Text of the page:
Education is too important for SSTA to play games with

You might think Scotland had more important things to worry about, but our national newspapers reckoned this was big news today.  The Education Secretary, Mike Russell, has thrown the SSTA (Scottish Secondary Teachers Association) off the Board of Management for the Curriculum for Excellence, the new education programme being rolled out in primary and secondary schools.

The Scotsman reckons the “SNP actions amount to bullying“.  The Herald’s opinion piece is more even handed, suggesting that the Education Secretary’s decision was “inevitable”.

Frankly, it’s about time the SNP government started tackling the vested interests that block change and progress at every opportunity.  The SSTA thought that by throwing its weight around, largely through the media rather than round the table at Board meetings, it could somehow slow or block implementation of the Curriculum for Excellence.  This, despite agreeing to it being implemented from the start of this school year, at an earlier date.

And also without a mandate from its members.  All it had was the result from an indicative ballot in June that showed a majority in favour of moving to a full ballot on whether or not to take industrial action over the Curriculum for Excellence.  But only 25% of the membership voted in this ballot.  How many members?  That will be just over 7000.  So on the basis of the views of 1750 teachers (out of over 25,000 secondary teachers in total) our children’s education was to be threatened unless their demands were met.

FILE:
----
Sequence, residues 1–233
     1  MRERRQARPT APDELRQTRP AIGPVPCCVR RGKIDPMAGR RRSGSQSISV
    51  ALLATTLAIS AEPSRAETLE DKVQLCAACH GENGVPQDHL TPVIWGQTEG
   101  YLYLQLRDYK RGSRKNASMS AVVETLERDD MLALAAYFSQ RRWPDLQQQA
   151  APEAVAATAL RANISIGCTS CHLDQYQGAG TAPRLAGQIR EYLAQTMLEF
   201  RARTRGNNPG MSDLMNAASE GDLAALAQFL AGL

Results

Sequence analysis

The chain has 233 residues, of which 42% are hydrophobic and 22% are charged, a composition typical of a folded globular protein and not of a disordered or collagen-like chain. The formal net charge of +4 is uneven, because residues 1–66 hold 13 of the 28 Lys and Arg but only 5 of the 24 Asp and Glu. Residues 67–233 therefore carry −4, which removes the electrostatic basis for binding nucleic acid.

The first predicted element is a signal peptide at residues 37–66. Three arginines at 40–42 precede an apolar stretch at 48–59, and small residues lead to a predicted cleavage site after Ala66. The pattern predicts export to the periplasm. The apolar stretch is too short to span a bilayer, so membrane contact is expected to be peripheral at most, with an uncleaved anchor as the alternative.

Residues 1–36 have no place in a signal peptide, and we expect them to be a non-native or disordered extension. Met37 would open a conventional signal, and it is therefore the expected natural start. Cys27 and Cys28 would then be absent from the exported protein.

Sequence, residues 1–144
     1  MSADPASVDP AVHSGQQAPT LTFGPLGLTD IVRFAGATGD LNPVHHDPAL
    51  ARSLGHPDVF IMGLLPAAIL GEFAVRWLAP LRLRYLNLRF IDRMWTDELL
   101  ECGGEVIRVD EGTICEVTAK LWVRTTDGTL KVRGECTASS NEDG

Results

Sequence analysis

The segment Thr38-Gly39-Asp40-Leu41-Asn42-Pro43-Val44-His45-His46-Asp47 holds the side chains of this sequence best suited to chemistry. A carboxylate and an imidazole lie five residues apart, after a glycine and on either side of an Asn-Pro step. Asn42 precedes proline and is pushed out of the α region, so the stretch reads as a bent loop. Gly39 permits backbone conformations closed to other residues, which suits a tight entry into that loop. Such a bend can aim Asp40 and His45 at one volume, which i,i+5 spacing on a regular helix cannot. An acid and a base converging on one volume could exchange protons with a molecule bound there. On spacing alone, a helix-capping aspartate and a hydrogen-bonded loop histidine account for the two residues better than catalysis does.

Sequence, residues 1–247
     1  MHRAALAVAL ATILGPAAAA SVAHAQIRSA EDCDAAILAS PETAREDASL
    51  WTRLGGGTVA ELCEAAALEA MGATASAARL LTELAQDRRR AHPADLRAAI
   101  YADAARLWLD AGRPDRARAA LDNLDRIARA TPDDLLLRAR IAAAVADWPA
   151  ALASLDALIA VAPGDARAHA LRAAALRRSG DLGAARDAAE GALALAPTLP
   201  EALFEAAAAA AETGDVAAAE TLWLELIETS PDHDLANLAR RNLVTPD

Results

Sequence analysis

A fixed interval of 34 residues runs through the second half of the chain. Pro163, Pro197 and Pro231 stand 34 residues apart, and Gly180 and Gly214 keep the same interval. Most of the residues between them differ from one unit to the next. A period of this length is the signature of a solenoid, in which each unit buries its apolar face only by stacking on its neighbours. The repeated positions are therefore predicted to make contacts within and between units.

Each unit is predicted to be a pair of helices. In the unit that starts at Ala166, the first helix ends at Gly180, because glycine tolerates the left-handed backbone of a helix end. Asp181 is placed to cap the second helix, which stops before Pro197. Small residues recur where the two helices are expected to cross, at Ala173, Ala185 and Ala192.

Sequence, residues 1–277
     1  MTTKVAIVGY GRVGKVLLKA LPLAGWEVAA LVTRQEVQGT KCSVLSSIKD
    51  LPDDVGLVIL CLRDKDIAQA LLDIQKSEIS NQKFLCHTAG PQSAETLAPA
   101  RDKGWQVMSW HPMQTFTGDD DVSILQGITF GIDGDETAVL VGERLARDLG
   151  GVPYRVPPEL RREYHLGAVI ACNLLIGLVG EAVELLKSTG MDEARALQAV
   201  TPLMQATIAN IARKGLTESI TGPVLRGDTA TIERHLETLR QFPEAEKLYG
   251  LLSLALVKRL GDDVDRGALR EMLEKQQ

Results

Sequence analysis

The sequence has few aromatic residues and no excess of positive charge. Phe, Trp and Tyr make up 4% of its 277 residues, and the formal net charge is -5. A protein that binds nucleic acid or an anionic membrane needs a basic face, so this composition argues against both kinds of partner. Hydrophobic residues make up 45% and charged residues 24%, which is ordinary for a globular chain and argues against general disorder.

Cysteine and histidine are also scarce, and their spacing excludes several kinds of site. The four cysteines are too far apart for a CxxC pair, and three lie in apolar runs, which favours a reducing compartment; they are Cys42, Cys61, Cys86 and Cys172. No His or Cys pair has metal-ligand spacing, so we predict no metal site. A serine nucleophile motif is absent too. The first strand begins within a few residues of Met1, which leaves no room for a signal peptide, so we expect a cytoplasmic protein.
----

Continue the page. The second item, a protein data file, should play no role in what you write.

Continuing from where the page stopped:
How dare they.  Just as education faces the biggest cuts in a generation, with extreme pressure on budgets and classroom resources, this union wants to start playing games.  Just when our children need their teachers to be as professional as possible, and as committed as they should be, the SSTA want to down tools.  Oh, but they expect a pay rise this year, of course.  How bloody dare they.

The SSTA had three demands of local authorities in relation to implementation of the Curriculum.  But as the Head of Schools in the Scottish Government pointed out to the union’s leader, some of these demands contradicted the advice being given to schools by the Curriculum’s Management Board, advice that the SSTA had previously helped to draft.  Moreover, none of these concerns had previously been intimated at Board meetings. 

Apparently, the SSTA thinks the teachers’ voice on the Curriculum Board is outnumbered. There probably should be more teachers represented in its membership but not from this rump of a union.  Its paltry 7000 members pales into insignificance compared with the over 60,000 members of the EIS

And if anyone should be aggrieved at the lack of representation on this committee that oversees policy and implementation of the new Curriculum for Excellence, it should be parents and pupils themselves.  Parents have one representative only, pupils have none.  Instead, government, quangoes and employers’ interests make up the bulk of members.  Such loading of vital committees and bodies in favour of producer interests has to end.  At the very least, there should be a balanced membership of all interests – and none. 

Mike Russell deserves plaudits not brickbats for removing the SSTA from the Board.  It was the one guilty of bullying, not the Education Secretary.  Let’s hope it’s only the start of a long overdue cull….